Halal and kosher refer to "fit and proper" conduct in Islam and Judaism, respectively. Halal rules are based on passages from the Islamic holy text, the Koran, while kosher guidelines are drawn from the Judaism's sacred scripture, the Torah. Both practices encompass dietary guidelines. Though there are similarities between the two when it comes to food, there are also important distinctions that make them noninterchangeable.
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In order for meat to meet halal standards, prior to slaughtering, the slaughterer -- a Muslim -- must pronounce Allah, or God's, name and say a prayer thanking him for providing sustenance. This must be repeated with each animal, all while facing Mecca, the holiest site in Islam. According to kosher rules, however, the slaughterer, known as a shochet, need only say a general blessing before entering the slaughtering area.
In both halal and kosher practice, a sharp knife is used to cut the animal's throat. This is considered the quickest and most humane way to slaughter because it is believed to minimise the animal's suffering.
The Koran and the Torah forbid the eating of blood. Therefore, in both slaughter rituals, the carcases must be entirely drained of blood before the meat can be eaten. Kosher guidelines also call for soaking meat in salt and water for three days to remove any residual blood.
According to kosher guidelines, only the front quarters of cattle can be consumed, whereas halal rules allow Muslims to eat the hind quarters as well.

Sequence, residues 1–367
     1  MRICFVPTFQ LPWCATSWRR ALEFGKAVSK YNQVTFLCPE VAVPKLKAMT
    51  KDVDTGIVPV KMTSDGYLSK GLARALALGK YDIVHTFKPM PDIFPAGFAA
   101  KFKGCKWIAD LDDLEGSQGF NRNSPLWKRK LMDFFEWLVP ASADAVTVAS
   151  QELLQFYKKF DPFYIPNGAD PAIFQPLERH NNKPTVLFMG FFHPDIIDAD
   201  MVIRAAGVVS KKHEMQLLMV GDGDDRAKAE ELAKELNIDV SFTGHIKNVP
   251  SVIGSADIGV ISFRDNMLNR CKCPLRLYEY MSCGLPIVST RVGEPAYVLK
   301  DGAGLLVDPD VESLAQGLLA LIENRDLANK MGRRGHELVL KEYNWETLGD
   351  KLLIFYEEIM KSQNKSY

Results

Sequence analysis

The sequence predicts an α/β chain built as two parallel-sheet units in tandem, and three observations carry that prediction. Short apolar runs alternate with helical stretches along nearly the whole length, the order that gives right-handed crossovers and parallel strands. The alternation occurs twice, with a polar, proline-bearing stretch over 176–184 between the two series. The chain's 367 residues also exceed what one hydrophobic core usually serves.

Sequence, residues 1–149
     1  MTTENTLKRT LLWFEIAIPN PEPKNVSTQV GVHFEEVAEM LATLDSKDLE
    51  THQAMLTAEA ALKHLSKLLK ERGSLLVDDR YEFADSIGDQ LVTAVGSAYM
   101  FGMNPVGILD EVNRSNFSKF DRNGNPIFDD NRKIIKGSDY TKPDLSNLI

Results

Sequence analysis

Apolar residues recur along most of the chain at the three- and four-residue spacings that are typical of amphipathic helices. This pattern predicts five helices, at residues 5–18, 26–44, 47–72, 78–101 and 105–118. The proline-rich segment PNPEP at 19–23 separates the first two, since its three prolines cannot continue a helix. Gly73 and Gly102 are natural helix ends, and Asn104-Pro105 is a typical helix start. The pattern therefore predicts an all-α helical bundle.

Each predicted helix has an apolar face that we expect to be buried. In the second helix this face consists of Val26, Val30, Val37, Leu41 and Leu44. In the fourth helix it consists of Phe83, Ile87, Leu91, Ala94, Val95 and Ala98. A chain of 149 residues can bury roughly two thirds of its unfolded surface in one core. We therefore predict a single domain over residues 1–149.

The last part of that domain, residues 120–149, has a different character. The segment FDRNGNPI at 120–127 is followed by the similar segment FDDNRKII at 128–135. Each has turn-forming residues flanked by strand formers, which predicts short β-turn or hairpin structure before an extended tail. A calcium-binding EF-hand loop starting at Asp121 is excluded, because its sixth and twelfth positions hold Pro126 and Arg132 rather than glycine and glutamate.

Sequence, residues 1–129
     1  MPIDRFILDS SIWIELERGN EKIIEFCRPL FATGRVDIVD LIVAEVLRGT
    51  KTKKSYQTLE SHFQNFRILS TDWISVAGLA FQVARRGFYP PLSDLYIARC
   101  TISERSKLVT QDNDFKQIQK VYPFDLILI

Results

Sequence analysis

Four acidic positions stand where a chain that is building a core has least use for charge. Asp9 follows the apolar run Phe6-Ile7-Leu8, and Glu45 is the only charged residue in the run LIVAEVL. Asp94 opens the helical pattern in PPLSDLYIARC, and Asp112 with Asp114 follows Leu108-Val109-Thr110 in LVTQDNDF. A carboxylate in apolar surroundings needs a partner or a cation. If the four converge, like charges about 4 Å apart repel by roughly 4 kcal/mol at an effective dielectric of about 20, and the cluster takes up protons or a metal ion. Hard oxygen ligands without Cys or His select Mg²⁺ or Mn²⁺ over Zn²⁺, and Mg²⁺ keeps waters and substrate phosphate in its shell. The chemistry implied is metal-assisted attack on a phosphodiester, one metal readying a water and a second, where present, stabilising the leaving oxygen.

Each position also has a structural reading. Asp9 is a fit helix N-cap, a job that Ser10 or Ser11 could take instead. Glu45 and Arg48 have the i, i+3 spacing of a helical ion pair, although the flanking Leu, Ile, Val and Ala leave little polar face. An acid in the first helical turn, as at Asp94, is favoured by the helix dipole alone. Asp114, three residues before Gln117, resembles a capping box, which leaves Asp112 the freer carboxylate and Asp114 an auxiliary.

Kosher practice interprets several passages from the Torah, specifically Exodus 23:19, Exodus 34:26 and Deuteronomy 14:21, to mean that meat and dairy products cannot be prepared, cooked or eaten together. No such restriction exists in halal dietary rules.
In order for an animal to be considered kosher, it must have cloven hooves and chew its cud. Pigs do not meet the latter criterion, therefore pork is not regarded as a kosher meat. Pork and pork by-products are also prohibited -- haram -- in Islam. This objection stems in part from the notion that swine are unclean.
Kosher practice, however, allows the consumption of gelatin from any source, including pig bones, whereas in halal cooking, gelatin derived from swine is not a permissible ingredient. Muslims may, however, cook with gelatin extracted from halal animals and bones.
Consumption of some wines and other alcoholic beverages are permissible in kosher practice, whereas halal dietary rules prohibit these and all other intoxicating substances.
Halal guidelines allow Muslims to eat any kind of seafood, whereas in kosher practice, only fish that have both scales and fins can be consumed. Kosher guidelines forbid Jews to eat shellfish, crustaceans and mollusks.
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